Until recently, the general rule on collecting sales tax by Internet retailers was determined by the U.S. Supreme Court in the case of Quill Corp. v. North Dakota in 1992, when the court ruled that a retailer needed to have a physical presence (e.g. a brick and mortar store) in the state to be required to collect a sales tax for the state at the time of purchase.
Since that time, the states have been trying to gain revenue by re-defining nexus for their state’s gain. Recently, the Ohio Supreme Court said any retailer doing over $500,000 in annual sales receipts would be required to charge sales tax as a “commercial activity tax.”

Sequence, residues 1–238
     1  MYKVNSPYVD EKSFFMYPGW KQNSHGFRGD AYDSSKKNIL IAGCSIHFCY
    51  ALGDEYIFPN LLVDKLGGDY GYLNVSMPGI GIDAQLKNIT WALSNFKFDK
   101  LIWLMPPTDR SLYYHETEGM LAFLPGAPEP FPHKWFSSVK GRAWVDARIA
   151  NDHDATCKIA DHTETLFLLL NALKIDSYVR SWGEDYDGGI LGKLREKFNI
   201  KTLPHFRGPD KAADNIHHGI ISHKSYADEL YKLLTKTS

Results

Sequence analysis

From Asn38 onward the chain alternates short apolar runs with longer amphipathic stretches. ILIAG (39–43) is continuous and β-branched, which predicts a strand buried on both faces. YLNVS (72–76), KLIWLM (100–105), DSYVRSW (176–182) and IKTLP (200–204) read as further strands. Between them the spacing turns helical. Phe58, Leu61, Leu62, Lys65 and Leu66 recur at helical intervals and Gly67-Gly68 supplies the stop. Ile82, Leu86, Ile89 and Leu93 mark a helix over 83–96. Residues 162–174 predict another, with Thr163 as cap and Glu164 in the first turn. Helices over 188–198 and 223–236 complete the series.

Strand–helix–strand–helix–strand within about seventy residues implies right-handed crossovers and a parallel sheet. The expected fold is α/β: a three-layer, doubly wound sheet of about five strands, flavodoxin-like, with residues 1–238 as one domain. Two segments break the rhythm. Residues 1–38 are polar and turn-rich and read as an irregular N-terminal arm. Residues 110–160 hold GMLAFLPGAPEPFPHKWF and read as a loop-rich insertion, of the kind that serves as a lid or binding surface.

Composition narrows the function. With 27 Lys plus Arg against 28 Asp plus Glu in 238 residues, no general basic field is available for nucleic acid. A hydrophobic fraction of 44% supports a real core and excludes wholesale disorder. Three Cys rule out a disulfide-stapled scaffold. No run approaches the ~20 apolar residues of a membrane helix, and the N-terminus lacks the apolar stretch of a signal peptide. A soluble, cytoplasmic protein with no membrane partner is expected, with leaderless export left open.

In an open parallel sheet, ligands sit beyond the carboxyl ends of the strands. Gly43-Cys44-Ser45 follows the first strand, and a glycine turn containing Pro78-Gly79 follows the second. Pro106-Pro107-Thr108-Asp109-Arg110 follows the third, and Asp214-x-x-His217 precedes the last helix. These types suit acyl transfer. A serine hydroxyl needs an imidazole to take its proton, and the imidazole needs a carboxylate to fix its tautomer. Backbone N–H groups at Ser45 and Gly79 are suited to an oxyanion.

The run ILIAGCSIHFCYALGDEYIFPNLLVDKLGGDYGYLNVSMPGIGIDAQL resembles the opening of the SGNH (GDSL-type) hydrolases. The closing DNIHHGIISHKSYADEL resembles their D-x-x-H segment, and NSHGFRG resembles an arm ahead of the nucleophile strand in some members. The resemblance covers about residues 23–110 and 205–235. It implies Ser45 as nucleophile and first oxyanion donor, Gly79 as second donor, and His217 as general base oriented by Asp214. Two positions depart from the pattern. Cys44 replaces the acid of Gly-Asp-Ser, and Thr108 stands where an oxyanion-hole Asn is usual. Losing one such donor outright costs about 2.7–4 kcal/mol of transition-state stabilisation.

I looked at the same issue in a few other states for clarification. California has a similar law for retailers who do $1,000,000 per year. Connecticut has a similar law if there are affiliates in the state and only $2,000 of sales per quarter. New Jersey and New York have a similar law if there are affiliates in the state and $10,000 of sales per year. Pennsylvania only requires an affiliate link and has no minimum sales requirement. This list is only a sample and may be already out of date.
The bottom line is that Internet retailers can no longer rely on the Quill case requirement of a physical presence in a state before collecting sales tax becomes a legal requirement.
Please contact your local accountant for the rules in your particular state.